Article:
I was stressed about it, because I was feeling the shaky/dizzy symptoms of a low, but was struggling with finding a good time to correct it. After all, it would’ve been kind of weird for me to randomly start gobbling down some fruit snacks in the middle of a conversation with the other dog owners, and I really wasn’t up for explaining diabetes to everyone and taking attention away from the training. I thought I was in the clear when it was my dog’s turn to be walked by another trainer – my hands were free and I totally could’ve eaten something quickly – but I balked at it because again, I found myself engrossed in conversation as I was given pointers for walking Violet.

In hindsight, I probably should’ve excused myself from the training exercise to sit down and eat my fruit snacks, but I simply wasn’t in the mood for dealing with my stupid diabetes at this point in time. This is the one hour per week that I’ve got with my dog that is solely focused on training her, and I wanted to be present in the moment. But I’ve got to acknowledge that I can only take good care of my dog if I take care of myself first, and I neglected to do that as soon as I should’ve in this situation.

Ah, well. It was what it was, and luckily the low happened towards the end of the class so I was able to eat my fruit snacks in the privacy of my car without having to explain myself to anyone. Next time, I’ll be better prepared with a sugary drink (like Gatorade) that will be much easier to consume without explanation while walking my dog.

What Happened When My Blood Sugar Crashed in the Grocery Store

I knew something was wrong when the walls of the soda and seltzer aisle felt like they were closing in on me, Star Wars-trash-compactor style.

You would think a blood sugar is no sweat (pun intended) in a place where food is so easily accessible, but this experience was far from it.

On a recent trip to the grocery store, I went low. And when I say low, I mean low – I wasn’t just shaky, I was sweating literal bullets and having a hard time seeing straight in front of me.

My boyfriend – thank goodness he was there – knew something was wrong just by looking at me. He suggested that I grab some fruit snacks from my backpack and I heeded, tearing open the small foil packet and tossing the contents back as quickly as I could. I chewed, grimacing as I tasted the strangely saccharine, perfume-y gummies, but I barely cared about the taste. I just wanted to feel better. That’s when my boyfriend placed a hand on my back, noting my clammy state, and escorted me over to the dining area at the front of the store.

“Just stay here, I only have a few things left to grab. Maybe you’ll be feeling better by checkout time,” he said, before asking me if I was okay to be left alone.

I was. I hated that he was seeing my like this, in this vulnerable, sweaty state that seemed impossible in the chilly air of the grocery store. I told him I would sit and wait there for him, fighting the feeling that I was a small child waiting for a parent to finish up some boring adult task. As I nearly collapsed onto a chair, all I wanted to do was shrink so nobody could see me: It seemed as though all sets of eyes in the vicinity were locked on me, the perspiring wonder who looked quite unwell.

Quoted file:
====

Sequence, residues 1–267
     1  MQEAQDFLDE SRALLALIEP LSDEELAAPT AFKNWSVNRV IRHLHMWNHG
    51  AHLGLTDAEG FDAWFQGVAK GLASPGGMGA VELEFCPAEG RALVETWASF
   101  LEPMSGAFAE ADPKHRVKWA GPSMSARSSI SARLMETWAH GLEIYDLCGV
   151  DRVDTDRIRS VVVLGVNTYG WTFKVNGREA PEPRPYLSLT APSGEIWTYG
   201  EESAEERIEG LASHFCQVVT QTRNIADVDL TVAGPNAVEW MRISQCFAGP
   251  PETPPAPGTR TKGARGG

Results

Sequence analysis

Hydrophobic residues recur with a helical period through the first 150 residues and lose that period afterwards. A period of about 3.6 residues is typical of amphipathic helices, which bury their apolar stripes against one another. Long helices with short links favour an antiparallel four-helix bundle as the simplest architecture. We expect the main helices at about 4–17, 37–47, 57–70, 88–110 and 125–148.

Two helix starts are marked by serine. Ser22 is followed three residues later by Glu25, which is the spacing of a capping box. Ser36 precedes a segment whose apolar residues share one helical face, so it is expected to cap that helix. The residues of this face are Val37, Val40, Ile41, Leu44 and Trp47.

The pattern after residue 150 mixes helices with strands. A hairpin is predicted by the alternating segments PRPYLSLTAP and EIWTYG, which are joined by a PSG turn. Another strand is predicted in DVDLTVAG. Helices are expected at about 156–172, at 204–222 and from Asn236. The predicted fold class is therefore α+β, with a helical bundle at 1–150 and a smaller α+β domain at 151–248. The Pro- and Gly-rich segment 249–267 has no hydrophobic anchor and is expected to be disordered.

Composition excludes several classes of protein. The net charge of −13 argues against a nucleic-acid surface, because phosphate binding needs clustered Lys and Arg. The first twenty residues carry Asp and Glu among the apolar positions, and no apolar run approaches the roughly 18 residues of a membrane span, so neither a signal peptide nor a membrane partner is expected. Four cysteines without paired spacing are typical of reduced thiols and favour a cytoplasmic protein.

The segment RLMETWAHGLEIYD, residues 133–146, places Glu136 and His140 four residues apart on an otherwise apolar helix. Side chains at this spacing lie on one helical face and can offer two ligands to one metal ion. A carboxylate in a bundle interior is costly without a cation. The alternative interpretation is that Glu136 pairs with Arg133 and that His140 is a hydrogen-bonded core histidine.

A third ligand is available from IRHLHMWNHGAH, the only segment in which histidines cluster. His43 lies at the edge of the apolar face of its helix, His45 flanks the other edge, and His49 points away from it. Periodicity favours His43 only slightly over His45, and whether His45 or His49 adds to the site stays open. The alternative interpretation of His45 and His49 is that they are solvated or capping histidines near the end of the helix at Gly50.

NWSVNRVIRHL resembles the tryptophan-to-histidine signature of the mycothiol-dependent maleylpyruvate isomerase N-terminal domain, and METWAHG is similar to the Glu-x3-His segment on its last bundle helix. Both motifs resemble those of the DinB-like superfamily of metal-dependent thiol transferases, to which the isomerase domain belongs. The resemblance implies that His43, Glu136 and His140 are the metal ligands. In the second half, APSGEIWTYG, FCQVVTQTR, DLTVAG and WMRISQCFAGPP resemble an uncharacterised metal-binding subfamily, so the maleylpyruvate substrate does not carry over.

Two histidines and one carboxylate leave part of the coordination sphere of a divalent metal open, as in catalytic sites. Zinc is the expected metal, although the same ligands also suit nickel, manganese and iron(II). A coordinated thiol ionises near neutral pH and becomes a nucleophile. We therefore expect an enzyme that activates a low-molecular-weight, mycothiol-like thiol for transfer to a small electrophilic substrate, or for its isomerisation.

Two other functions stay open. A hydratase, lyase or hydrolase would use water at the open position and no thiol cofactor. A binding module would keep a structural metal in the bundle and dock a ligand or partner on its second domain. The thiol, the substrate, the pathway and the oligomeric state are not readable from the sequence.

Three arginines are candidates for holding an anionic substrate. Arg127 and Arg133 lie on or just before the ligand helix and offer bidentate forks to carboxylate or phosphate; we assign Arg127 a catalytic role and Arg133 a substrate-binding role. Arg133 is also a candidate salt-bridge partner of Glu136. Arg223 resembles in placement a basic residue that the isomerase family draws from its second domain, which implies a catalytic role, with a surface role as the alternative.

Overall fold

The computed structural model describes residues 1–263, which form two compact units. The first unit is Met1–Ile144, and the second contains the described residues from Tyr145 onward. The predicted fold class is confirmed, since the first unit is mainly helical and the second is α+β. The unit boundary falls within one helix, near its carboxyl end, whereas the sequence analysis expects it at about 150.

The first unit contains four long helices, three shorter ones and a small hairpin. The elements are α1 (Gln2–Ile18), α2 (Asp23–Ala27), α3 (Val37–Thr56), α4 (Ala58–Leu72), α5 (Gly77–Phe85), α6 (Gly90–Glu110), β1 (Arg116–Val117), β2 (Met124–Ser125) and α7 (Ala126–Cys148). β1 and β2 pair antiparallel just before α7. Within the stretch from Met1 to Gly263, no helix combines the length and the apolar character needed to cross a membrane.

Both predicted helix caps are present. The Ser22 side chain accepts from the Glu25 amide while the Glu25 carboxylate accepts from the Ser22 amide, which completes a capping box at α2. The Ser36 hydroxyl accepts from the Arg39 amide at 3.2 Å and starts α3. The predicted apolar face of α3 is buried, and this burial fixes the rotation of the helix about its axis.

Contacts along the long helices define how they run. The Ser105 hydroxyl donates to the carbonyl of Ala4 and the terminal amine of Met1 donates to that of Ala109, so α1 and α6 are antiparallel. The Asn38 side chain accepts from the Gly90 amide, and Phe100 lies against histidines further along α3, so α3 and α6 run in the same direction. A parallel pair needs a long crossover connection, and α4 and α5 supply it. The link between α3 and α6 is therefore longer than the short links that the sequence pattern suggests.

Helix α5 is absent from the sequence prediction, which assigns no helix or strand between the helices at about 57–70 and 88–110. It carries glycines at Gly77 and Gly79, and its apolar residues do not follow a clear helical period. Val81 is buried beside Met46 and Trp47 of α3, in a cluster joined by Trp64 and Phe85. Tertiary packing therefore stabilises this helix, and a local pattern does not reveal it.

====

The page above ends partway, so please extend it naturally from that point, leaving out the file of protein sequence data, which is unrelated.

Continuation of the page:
I was only on my own for about 5 minutes, but time dragged as I anxiously awaited my boyfriend’s approach to the checkout line. I thought I’d wanted to be alone as I let the fruit snacks kick in, but turns out the opposite was true. I clung to his side as I slowly registered that I felt safer around someone who knew exactly what was wrong with me and how to handle it if things got worse.

As we exited the store and loaded the groceries into the car, I noted that my shakiness was dissipating, as was the beads of sweat on my body. This low episode was over and I was relieved to be on the other side of it. I was also relieved that I didn’t have to go through it alone: turns out lows are a bit more bearable when you have someone else with you to help you through them.

What It’s Like to Wake Up in the Middle of the Night with Low Blood Sugar

You stir suddenly from a dreamless sleep, knowing that something must’ve disturbed your slumber but not quite sure what it may have been.

This blog post was inspired by a recent middle-of-the-night low that went…well, exactly as I wrote it here. I wrote in the second-person perspective so you might be able to imagine what it’s like, if it’s something you’ve never experienced before.

Reflexively, you reach over to where your phone is perched on your nightstand. You check your notifications and confirm what you’d been hoping wouldn’t be a problem tonight: Your blood sugar is low and you must do something to fix it.

You unroll a couple of Smarties from their package, almost surprised at how dexterously you do so. After all, it’s an odd skill to have honed over the course of your life to be really good at opening up packages of the food just moments after you were sleeping soundly, but you’re accustomed to it. You chew up the Smarties as quickly as you can, grimacing slightly as their sweet-sour taste mingles with traces of toothpaste from when you brushed your teeth before bed. You sink back against your pile of pillows, sighing, as you wait for your blood sugar to come back up.